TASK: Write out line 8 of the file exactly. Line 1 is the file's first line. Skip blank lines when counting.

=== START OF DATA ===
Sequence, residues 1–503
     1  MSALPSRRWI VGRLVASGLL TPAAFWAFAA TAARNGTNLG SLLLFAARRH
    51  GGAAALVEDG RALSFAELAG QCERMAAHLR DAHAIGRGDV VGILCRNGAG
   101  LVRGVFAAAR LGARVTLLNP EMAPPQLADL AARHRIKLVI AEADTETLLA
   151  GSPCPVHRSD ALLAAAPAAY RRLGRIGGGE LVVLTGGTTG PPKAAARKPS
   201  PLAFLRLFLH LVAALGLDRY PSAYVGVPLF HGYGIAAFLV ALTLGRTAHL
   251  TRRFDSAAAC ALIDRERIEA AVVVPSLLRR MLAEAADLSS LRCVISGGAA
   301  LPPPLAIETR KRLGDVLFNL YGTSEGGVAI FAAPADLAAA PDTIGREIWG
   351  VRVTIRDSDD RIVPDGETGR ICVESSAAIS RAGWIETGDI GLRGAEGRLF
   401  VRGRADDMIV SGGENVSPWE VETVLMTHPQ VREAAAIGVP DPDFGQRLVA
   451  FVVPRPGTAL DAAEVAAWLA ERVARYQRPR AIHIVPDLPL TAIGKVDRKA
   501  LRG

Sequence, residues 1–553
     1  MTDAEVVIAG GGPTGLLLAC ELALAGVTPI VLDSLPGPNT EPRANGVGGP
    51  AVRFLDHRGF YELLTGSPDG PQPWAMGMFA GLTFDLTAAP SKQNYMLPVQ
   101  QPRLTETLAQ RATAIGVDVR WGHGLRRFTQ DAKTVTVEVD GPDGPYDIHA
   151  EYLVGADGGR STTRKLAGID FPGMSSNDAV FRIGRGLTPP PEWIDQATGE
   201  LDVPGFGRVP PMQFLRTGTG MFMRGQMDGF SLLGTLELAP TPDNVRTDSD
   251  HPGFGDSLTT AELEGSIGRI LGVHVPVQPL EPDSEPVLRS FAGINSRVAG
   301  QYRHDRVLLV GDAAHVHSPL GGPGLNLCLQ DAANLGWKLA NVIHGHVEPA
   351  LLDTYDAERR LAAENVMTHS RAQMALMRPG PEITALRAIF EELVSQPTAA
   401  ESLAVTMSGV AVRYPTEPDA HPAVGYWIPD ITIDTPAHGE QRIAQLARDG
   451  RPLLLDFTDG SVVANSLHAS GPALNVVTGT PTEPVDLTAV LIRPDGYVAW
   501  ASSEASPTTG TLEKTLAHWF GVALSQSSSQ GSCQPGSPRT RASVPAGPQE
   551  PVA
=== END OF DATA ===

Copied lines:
   301  LPPPLAIETR KRLGDVLFNL YGTSEGGVAI FAAPADLAAA PDTIGREIWG